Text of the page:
Old Firms and New Products: Does Experience Increase Survival?
Martina Lawless () and
Zuzanna Studnicka ()
No 201805, Working Papers from School of Economics, University College Dublin
We examine the relationship between exporting experience and the duration of firm export product flows. We find that more experienced firms (in years of exporting) show a higher probability of failure associated with the introduction of new products. On the other hand, firms with broader export scope are more likely to have better survival times for newly launched products. Although apparently counter-intuitive, we show that this finding is consistent with models of multi-product firms in which firms begin exporting by launching the products closest to their core competency and gradually expand their range of products by exporting those that are further away from their core, resulting in lower survival probability for later products. Validating this interpretation, we show that the distance of the new products to the core competency of the firm plays an important role in determining the survival of new products.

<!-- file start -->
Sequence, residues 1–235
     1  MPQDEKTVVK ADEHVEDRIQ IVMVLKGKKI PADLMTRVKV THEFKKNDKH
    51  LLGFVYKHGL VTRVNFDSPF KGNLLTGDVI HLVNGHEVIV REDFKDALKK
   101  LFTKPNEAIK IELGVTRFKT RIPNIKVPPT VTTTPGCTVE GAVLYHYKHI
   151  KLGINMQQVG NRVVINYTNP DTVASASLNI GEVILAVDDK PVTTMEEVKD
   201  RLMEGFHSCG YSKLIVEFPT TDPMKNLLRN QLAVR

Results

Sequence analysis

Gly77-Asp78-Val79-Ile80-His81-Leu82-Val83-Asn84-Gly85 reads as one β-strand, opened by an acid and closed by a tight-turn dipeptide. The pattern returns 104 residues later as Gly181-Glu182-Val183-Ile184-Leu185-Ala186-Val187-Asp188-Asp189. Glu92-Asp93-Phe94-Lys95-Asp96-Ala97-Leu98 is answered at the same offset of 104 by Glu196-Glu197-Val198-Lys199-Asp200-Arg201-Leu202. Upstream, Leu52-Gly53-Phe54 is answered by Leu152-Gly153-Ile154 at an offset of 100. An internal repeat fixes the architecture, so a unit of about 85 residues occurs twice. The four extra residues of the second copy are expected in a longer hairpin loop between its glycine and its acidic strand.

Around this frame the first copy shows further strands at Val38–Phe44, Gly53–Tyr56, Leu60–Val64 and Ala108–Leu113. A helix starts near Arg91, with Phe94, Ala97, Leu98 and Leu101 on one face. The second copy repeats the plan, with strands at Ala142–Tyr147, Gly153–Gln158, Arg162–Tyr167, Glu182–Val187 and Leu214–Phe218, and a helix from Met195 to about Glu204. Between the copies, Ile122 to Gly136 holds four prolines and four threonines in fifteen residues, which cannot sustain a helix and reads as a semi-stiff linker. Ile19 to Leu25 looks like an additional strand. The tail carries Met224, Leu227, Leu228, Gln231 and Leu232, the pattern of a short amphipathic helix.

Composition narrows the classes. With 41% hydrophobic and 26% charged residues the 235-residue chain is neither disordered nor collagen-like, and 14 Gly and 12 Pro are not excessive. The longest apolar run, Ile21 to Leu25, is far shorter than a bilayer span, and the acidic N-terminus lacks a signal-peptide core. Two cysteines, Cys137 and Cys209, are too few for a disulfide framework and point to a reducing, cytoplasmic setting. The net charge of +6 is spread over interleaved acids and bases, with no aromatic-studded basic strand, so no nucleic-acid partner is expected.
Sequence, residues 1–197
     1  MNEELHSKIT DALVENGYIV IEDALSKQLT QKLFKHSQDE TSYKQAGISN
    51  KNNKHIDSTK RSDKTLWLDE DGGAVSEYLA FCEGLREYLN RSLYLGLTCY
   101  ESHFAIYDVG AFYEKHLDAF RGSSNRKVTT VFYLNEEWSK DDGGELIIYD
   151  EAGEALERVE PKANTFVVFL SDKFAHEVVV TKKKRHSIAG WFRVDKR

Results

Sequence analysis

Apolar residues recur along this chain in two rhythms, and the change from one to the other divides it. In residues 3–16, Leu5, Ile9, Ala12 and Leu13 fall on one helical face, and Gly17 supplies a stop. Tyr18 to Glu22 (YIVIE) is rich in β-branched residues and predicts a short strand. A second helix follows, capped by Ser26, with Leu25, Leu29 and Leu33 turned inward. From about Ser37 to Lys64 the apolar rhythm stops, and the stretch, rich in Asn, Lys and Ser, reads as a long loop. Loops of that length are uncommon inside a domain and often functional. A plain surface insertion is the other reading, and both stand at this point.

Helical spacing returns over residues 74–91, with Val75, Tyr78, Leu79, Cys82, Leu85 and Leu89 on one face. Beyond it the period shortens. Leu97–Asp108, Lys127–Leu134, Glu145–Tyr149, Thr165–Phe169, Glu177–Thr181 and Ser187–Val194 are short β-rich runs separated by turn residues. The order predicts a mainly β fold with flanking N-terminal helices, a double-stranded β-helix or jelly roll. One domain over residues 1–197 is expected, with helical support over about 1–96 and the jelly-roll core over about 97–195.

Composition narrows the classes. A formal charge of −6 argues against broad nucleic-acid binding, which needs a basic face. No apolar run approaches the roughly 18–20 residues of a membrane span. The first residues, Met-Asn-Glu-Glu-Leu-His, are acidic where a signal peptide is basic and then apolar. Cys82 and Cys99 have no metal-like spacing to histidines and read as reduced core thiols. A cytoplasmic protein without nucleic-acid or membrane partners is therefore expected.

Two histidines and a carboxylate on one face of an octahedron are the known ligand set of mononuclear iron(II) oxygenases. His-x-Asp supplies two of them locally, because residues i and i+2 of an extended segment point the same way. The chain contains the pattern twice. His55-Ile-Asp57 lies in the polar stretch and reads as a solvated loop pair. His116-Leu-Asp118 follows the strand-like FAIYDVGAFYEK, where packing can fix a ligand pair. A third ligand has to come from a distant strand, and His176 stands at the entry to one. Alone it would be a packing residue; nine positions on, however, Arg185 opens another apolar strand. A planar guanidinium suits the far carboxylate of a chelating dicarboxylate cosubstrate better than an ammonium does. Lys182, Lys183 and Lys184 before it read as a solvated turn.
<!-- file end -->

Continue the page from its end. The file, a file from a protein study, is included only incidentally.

Keywords: Duration of Trade; Firm Survival; Export Experience; Multi-product firms (search for similar items in EconPapers)
JEL-codes: F10 (search for similar items in EconPapers)
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http://hdl.handle.net/10197/9446 First version, 2018 (application/pdf)
Working Paper: Old firms and new products: Does experience increase survival? (2018)
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